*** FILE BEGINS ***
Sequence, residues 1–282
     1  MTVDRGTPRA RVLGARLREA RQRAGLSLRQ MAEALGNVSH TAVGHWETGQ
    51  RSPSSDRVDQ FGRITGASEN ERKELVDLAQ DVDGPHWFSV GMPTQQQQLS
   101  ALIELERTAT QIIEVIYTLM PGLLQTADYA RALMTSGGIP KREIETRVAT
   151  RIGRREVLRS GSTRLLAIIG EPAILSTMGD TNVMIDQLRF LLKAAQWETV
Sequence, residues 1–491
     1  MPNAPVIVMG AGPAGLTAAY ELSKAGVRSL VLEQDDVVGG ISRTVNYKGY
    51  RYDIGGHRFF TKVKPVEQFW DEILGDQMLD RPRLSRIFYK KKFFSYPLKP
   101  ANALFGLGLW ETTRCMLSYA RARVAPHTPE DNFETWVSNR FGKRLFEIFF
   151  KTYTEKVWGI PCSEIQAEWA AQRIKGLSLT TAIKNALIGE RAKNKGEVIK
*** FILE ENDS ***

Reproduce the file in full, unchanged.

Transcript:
Sequence, residues 1–282
     1  MTVDRGTPRA RVLGARLREA RQRAGLSLRQ MAEALGNVSH TAVGHWETGQ
    51  RSPSSDRVDQ FGRITGASEN ERKELVDLAQ DVDGPHWFSV GMPTQQQQLS
   101  ALIELERTAT QIIEVIYTLM PGLLQTADYA RALMTSGGIP KREIETRVAT
   151  RIGRREVLRS GSTRLLAIIG EPAILSTMGD TNVMIDQLRF LLKAAQWETV
Sequence, residues 1–491
     1  MPNAPVIVMG AGPAGLTAAY ELSKAGVRSL VLEQDDVVGG ISRTVNYKGY
    51  RYDIGGHRFF TKVKPVEQFW DEILGDQMLD RPRLSRIFYK KKFFSYPLKP
   101  ANALFGLGLW ETTRCMLSYA RARVAPHTPE DNFETWVSNR FGKRLFEIFF
   151  KTYTEKVWGI PCSEIQAEWA AQRIKGLSLT TAIKNALIGE RAKNKGEVIK